And on up the river is Grand Coulee Dam

The mightiest thing ever built by a man

To run the great factories and water the land

So roll on, Columbia, roll on

These mighty men labored by day and by night

Matching their strength ‘gainst the river’s wild flight

Through rapids and falls, they won the hard fight. 

Above: Woody Guthrie

image credit:



by Stuart Stotts


Look down from an airplane, I'll tell you what you'll see.

From Madison to Menasha, Marinette to Menomonie 

The great state of Wisconsin filled with trees.

The forest is a place for you and me

From the little bitty willow to the bur oak tree.

From the city to the country it will grow and give

The forest is the place where we all live.

It gives us boards and paper, it gives us shade and heat.

Makes oxygen for us to breathe and makes maple syrup sweet.

A place to climb and dream and swing our feet.

Home for hawks and badgers, home for deer and owls.

Hear woodpeckers tapping, and the black bear when it growls.

Listen as the distant wolf pack howls.

100 years before us, the pines had fallen fast.

Stumps decaying, wildfires raging through the piles of slash

We have learned some lessons from the past.

We'll plant trees where we need them and manage them with care.

Let the woods reseed itself, as it does everywhere.

A greener world for everyone to share.

Above: Poet Stuart Stotts



by Louise McNeill


Where the mountain river flows

And the rhododendron grows

Is the land of all the lands

That I touch with tender hands;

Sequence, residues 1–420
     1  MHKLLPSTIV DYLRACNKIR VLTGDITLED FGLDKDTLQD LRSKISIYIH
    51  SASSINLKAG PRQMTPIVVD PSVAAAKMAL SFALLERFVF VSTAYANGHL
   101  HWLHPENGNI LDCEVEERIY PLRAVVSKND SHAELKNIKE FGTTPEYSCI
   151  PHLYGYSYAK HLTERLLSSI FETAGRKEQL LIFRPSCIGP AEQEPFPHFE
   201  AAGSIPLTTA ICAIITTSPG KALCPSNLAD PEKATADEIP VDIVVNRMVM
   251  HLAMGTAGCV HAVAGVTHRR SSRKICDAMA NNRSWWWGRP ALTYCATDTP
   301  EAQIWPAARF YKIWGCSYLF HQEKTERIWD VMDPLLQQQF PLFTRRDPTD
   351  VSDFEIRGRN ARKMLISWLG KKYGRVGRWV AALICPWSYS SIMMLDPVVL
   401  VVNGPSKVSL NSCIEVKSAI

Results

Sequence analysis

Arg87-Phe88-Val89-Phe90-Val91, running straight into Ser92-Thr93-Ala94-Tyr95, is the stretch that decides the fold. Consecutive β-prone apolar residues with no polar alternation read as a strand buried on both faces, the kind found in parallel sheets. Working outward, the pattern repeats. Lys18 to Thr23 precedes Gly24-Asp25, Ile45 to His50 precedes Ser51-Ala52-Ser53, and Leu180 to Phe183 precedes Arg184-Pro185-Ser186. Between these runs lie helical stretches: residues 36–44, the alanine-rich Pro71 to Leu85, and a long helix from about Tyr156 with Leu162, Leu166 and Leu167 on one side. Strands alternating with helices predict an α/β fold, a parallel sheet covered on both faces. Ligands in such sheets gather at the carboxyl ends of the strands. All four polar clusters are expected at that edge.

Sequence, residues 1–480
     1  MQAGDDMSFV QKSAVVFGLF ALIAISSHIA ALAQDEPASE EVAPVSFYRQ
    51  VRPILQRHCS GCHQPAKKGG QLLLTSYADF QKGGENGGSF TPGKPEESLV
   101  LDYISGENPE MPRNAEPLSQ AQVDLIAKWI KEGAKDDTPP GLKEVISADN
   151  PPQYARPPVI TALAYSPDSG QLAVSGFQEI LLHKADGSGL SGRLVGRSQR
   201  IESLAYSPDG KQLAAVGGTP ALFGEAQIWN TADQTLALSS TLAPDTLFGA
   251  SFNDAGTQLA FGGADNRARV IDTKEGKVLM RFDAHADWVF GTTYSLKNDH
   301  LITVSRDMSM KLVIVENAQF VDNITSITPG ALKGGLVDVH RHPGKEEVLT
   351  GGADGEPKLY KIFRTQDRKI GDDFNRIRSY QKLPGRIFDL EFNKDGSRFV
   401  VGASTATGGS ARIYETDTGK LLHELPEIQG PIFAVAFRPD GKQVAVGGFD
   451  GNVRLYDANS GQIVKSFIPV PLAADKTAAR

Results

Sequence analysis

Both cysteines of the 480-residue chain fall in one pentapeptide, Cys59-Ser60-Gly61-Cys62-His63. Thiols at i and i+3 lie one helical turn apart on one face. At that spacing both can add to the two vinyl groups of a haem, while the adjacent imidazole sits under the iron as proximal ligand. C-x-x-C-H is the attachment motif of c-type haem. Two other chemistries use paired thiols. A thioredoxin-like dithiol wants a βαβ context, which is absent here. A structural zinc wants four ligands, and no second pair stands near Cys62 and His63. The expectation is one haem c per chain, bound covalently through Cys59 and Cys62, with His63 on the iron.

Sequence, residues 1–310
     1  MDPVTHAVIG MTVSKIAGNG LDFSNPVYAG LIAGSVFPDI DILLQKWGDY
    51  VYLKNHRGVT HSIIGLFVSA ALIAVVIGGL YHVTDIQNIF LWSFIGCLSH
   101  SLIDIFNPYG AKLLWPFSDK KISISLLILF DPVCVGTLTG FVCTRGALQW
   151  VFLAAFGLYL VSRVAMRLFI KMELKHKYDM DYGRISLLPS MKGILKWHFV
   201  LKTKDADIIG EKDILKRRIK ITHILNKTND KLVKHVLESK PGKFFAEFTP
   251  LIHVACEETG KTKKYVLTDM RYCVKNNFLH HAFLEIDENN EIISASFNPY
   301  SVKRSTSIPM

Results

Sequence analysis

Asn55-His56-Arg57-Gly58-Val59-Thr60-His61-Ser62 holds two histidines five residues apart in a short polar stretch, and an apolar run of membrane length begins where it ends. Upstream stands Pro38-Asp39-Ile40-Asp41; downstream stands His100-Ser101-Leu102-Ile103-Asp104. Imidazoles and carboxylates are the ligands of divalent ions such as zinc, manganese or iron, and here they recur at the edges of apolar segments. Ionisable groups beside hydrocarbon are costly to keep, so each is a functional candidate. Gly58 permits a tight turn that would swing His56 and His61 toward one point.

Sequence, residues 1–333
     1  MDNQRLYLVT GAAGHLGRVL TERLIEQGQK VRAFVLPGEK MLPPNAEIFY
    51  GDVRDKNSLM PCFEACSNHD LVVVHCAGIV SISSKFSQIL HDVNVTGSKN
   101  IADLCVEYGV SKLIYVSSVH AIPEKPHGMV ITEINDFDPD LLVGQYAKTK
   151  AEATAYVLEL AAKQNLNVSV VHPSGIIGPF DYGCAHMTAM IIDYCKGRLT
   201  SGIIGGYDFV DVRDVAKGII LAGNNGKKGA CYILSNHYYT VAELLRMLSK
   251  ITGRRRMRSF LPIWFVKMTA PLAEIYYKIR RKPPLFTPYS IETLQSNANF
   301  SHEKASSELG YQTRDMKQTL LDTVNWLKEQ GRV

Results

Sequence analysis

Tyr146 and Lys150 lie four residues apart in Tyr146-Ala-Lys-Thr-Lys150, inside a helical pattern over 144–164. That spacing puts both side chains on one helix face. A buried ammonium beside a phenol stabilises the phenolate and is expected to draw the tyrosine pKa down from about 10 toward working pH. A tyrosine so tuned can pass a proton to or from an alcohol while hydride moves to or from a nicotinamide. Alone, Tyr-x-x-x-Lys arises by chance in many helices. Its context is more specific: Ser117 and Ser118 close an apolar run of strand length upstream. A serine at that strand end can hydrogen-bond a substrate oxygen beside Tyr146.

Loved and treasured, earth and star,

By my father’s father far–

Deep-earth, black-earth, of-the-lime

From the ancient oceans’ time.

Plow-land, fern-land, woodland, shade,

Grave-land where my kin are laid,

West Virginia’s hills to bless–

Leafy songs of wilderness;

Dear land, near land, here at home–

Where the rocks are honeycomb,

And the rhododendrons …..

Where the mountain river runs.



by William Notter


The latest movie star is drunk in spite of rehab,

two or three cities had extraordinary killings

and expensive homes are sliding off the hills

or burning again. There's an energy crisis on,

and peace in the Middle East is close as ever.

In Wyoming, just below timberline,

meteors and lightning storms

keep us entertained at night. Last week,

a squirrel wrecked the mountain bluebirds' nest.

I swat handfuls of moths in the cabin

and set them out each day,

but the birds will not come back to feed.

It snowed last in June, four inches

the day before the solstice. But summer

is winding down -- the grass was frosted

this morning when we left the ranger station.

Yellow-bellied marmots are burrowing

under the outhouse vault, and ravens have left the ridges

to gorge on Mormon crickets in the meadows.

Flakes of obsidian and red flint

knapped from arrowheads hundreds of years ago

appear in the trails each day,

and the big fish fossil in the limestone cliff

dissolves a little more with every rain.

related links


More Printable Poetry Pages

other useful links

See PhD Programs in All 50 States.

Look here for Low-Cost Car Insurance in All 50 States.

Visit this page for Fact & Photo Galleries from All 50 States.

Go here for a detailed list of Factory Outlet Malls in every state.


Hit this link to learn How to Work From Home Anywhere in America.

Look here for Affordable Travel Deals All Over America.

in loving memory poems in loving memory poems in loving memory poems in loving memory poems in loving memory poems in loving memory poems in loving memory poems in loving memory poems in loving memory poems in loving memory poems in loving memory poems in loving memory poems

in loving memory poems in loving memory poems in loving memory poems in loving memory poems in loving memory poems in loving memory poems in loving memory poems in loving memory poems in loving memory poems in loving memory poems in loving memory poems in loving memory poems


Look Here Right Now to see the ONLY Authenticated Photo Image of Crazy Horse known to exist. Also read the FREE full text story of his life, with many more images included. Prepare to be Amazed!